And thus it chanced that VALOUR, peerless knight,
Who ne'er to King or Kaiser vailed his crest,
Victorious still in bull-feast or in fight,
Since first his limbs with mail he did invest,
Stooped ever to that Anchoret's behest;
Nor reasoned of the right, nor of the wrong,
But at his bidding laid the lance in rest,
And wrought fell deeds the troubled world along,
For he was fierce as brave, and pitiless as strong.

XXXI.
Oft his proud galleys sought some new-found world,
That latest sees the sun, or first the morn;
Still at that Wizard's feet their spoils he hurled, -
Ingots of ore from rich Potosi borne,
Crowns by Caciques, aigrettes by Omrahs worn,
Wrought of rare gems, but broken, rent, and foul;
Idols of gold from heathen temples torn,
Bedabbled all with blood.-With grisly scowl
The Hermit marked the stains, and smiled beneath his cowl.

XXXII.
Then did he bless the offering, and bade make
Tribute to Heaven of gratitude and praise;
And at his word the choral hymns awake,
And many a hand the silver censer sways,
But with the incense-breath these censers raise,
Mix steams from corpses smouldering in the fire;
The groans of prisoned victims mar the lays,
And shrieks of agony confound the quire;
While, 'mid the mingled sounds, the darkened scenes expire.

XXXIII.
Preluding light, were strains of music heard,
As once again revolved that measured sand;
Such sounds as when, for silvan dance prepared,
Gay Xeres summons forth her vintage band;
When for the light bolero ready stand
The mozo blithe, with gay muchacha met,
He conscious of his broidered cap and band,
She of her netted locks and light corsette,
Each tiptoe perched to spring, and shake the castanet.

XXXIV.
And well such strains the opening scene became;
For VALOUR had relaxed his ardent look,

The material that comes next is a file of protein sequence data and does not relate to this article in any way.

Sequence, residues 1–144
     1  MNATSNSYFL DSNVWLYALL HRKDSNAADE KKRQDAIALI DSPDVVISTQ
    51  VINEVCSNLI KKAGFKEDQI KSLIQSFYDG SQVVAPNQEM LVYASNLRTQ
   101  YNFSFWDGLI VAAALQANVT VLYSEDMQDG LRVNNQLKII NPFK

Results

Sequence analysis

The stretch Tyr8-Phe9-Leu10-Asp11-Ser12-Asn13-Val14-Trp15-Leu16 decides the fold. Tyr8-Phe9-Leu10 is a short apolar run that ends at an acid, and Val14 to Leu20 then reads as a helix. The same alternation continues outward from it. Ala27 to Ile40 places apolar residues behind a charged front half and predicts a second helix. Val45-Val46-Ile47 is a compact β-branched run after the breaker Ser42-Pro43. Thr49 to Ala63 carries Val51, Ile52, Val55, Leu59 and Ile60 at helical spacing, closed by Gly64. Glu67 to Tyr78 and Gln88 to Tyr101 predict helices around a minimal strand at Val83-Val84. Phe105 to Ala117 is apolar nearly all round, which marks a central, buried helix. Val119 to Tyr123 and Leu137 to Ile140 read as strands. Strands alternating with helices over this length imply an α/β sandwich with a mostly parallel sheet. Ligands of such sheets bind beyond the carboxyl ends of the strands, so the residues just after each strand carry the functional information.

And at a lady's feet, like lion tame,
Lay stretched, full loath the weight of arms to brook;
And softened BIGOTRY, upon his book,
Pattered a task of little good or ill:
But the blithe peasant plied his pruning-hook,
Whistled the muleteer o'er vale and hill,
And rung from village-green the merry seguidille.

XXXV.
Grey Royalty, grown impotent of toil,
Let the grave sceptre slip his lazy hold;
And, careless, saw his rule become the spoil
Of a loose Female and her minion bold.
But peace was on the cottage and the fold,
From Court intrigue, from bickering faction far;
Beneath the chestnut-tree Love's tale was told,
And to the tinkling of the light guitar,
Sweet stooped the western sun, sweet rose the evening star.

XXXVI.
As that sea-cloud, in size like human hand,
When first from Carmel by the Tishbite seen,
Came slowly overshadowing Israel's land,
A while, perchance, bedecked with colours sheen,
While yet the sunbeams on its skirts had been,
Limning with purple and with gold its shroud,
Till darker folds obscured the blue serene
And blotted heaven with one broad sable cloud,
Then sheeted rain burst down, and whirlwinds howled aloud:-

XXXVII.
Even so, upon that peaceful scene was poured,
Like gathering clouds, full many a foreign band,
And HE, their Leader, wore in sheath his sword,
And offered peaceful front and open hand,
Veiling the perjured treachery he planned,
By friendship's zeal and honour's specious guise,
Until he won the passes of the land;
Then burst were honour's oath and friendship's ties!
He clutched his vulture grasp, and called fair Spain his prize.

XXXVIII.
An iron crown his anxious forehead bore;
And well such diadem his heart became,